How to replace a broken spoke yourself (in 5 easy steps)

A broken spoke can ruin a cyclist’s day, especially if it breaks while riding far from home.

Fortunately, by following the right steps, you can still ride home with a broken spoke, but you need to replace it as soon as possible, particularly if you use wheels with fewer spokes. This is the only way to avoid further problems.

The easiest way to fix the problem is to have a bike mechanic replace the spoke, but he or she will charge you a few tens of dollars for a relatively simple task. Therefore, it makes sense to do it yourself, as it is one of the easiest repairs on a bicycle.

It is important to familiarize yourself with the process before you start and to be aware of certain details when removing the broken spoke. This way, you can prevent getting stuck at the point of no return during the replacement process.

Tools you need to replace a spoke

Replacing a spoke does not require a lot of tools, but you will still need to buy some purpose-specific equipment. But hey, investing a few tens of dollars now will save you money in the long run.

For a spoke replacement, you’ll need the following:

*If replacing of original is necessary
**Only in case of tire removal

5 easy steps to replace a spoke:

1. Inspect the lacing of the broken spoke

Before removing the broken spoke, inspect how it was laced. The new spoke will need to be laced in the exact same way.

PRO TIP: Take a picture of the broken spoke to help you remember how it was laced.

Pay attention to:

  • Insertion direction. Inspect if the spoke was inserted into the hub from the inside or outside.
  • The number of crossings. Check how many times the broken spoke crosses other spokes (once, twice, or three times), if this is still possible to check after the break. If not, determine this from the lacing of other spokes. Pay attention to which side (inner or outer) the spoke crosses the other spokes.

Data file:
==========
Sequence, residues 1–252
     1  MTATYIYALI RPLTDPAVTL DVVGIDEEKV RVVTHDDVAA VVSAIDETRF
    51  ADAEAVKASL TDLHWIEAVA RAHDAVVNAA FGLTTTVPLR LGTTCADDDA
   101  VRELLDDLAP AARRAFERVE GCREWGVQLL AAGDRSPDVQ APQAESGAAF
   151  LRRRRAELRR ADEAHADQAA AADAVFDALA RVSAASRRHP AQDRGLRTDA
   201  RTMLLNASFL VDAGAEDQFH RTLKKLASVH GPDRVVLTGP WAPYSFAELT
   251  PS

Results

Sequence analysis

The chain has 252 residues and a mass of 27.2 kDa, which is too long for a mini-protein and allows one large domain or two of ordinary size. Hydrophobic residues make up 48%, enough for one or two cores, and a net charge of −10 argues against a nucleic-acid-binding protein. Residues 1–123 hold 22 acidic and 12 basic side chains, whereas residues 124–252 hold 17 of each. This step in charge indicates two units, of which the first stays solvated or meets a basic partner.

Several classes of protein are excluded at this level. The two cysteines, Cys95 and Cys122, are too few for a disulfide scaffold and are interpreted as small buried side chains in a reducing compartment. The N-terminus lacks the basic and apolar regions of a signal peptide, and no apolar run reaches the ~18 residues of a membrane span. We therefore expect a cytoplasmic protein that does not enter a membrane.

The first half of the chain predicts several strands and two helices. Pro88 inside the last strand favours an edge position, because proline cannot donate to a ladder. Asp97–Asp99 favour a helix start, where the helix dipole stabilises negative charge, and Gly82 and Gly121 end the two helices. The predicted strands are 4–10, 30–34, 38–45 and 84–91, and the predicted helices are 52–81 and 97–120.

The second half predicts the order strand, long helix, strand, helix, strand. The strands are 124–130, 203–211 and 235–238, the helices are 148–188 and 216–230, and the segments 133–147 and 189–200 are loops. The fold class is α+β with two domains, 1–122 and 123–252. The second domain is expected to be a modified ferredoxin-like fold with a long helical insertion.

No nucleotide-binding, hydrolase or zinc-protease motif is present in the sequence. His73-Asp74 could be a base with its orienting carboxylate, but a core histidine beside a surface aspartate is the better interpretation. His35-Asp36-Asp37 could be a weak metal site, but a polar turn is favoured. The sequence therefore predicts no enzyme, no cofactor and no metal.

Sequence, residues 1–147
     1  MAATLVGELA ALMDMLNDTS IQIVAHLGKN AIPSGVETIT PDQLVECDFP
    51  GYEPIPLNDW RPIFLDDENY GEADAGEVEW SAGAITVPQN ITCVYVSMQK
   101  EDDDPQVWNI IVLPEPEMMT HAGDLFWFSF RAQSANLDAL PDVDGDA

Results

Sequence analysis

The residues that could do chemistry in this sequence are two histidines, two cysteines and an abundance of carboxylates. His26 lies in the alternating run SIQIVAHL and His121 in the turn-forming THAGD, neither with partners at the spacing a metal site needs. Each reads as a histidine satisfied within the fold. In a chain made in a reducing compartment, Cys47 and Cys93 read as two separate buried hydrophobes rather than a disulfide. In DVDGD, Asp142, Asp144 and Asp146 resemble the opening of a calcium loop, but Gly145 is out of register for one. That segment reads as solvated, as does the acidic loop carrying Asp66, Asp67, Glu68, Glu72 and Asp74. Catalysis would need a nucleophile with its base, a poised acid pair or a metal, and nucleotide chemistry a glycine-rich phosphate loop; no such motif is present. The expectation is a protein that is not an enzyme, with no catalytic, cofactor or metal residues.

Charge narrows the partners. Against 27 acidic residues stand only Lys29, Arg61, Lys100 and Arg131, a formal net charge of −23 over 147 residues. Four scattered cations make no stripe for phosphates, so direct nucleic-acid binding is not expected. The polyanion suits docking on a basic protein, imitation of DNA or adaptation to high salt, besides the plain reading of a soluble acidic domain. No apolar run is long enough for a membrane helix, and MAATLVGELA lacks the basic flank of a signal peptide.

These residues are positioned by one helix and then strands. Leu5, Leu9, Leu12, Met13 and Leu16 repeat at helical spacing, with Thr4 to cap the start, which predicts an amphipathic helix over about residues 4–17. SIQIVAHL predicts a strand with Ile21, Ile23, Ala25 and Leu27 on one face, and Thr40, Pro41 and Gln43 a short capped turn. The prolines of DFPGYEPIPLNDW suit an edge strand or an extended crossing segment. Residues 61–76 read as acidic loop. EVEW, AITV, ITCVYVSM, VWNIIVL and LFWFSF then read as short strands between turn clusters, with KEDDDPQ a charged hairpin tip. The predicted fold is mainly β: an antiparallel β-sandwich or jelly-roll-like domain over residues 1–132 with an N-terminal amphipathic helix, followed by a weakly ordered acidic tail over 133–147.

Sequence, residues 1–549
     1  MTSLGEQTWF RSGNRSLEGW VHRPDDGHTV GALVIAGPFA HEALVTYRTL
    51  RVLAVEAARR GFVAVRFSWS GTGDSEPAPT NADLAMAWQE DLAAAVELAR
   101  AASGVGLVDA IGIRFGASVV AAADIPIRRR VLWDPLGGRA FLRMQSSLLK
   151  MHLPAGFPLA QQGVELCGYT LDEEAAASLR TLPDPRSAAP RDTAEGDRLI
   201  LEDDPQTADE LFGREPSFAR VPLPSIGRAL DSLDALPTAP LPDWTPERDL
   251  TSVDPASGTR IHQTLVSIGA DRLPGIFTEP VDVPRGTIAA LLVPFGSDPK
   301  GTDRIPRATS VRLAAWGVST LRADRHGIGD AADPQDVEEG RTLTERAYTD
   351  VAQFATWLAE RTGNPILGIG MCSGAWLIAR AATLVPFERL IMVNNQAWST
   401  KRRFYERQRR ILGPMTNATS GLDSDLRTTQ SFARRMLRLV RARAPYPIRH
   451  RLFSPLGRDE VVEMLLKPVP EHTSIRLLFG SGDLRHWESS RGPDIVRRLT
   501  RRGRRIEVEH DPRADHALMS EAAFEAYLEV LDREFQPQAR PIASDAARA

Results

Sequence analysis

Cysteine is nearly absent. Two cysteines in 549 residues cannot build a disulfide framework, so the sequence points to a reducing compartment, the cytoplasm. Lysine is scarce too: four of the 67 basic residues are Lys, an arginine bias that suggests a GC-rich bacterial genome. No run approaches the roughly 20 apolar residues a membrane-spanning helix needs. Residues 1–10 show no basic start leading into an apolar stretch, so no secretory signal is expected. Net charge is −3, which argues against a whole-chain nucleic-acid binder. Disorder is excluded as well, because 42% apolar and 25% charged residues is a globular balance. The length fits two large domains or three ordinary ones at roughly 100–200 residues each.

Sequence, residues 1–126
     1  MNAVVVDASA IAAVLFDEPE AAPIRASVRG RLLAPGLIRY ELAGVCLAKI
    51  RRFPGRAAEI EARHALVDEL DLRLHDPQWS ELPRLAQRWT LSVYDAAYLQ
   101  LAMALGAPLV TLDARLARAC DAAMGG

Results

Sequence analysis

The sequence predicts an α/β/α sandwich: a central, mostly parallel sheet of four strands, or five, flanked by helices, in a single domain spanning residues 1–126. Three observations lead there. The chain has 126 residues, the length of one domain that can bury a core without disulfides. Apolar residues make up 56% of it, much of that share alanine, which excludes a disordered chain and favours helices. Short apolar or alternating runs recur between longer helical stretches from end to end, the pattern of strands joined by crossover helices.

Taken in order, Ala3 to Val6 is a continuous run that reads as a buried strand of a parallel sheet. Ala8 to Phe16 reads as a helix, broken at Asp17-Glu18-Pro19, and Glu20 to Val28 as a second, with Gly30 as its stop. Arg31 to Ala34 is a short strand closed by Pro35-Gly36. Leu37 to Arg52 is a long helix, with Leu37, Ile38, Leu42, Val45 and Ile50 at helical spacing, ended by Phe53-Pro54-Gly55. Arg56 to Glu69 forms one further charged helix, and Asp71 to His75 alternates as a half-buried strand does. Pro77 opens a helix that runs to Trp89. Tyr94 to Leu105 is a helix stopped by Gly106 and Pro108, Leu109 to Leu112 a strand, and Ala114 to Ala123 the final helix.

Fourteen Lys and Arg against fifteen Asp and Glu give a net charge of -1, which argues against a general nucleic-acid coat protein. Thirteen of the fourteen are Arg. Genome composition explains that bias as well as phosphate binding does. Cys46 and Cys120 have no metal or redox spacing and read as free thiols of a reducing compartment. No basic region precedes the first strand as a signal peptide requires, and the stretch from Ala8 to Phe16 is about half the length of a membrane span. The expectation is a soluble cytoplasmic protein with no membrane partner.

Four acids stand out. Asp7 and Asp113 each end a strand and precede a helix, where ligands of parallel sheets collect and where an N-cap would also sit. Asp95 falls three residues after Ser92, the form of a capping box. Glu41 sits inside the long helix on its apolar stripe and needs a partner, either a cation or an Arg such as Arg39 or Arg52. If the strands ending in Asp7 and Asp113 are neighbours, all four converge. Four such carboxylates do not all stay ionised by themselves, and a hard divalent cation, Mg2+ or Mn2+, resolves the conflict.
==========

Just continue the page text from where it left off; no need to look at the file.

Number of crossing of spokes

2. Remove the broken spoke

You can remove the broken spoke without removing the tire, but this can be tricky in certain cases (where the spoke is seized with a nipple). I suggest you try to remove the spoke with the tire still in place and remove it only if necessary.

Removing the spoke without tire removal:

  • Unscrew the broken spoke from the nipple
Unscrewing the spoke from the nipple
Use a spoke wrench to unscrew the spoke.
  • Unthread the bottom part of the spoke
  • Push the spoke out of the hub (pay attention to which side it is threaded)
Pushing spoke out of the hub

Removing the spoke with tire removal:

  • Use a tire lever to remove the tire and inner tube
removing tire with tire lever
Use tire levers to remove the tire.
  • Remove the broken spoke together with the nipple from the wheel
  • Unthread the bottom part of the spoke
  • Push the spoke out of the hub (pay attention to which side it is threaded)

WARNING: In case of disc brakes or replacing a spoke on the side of the cassette, these will need to be removed beforehand.

3. Lace in the new spoke

After removing the broken spoke, it’s time to install a new one.

  • Thread the spoke with the narrower part first into the hub from the same side as the broken spoke (inner or outer)
Threading the spoke into a hub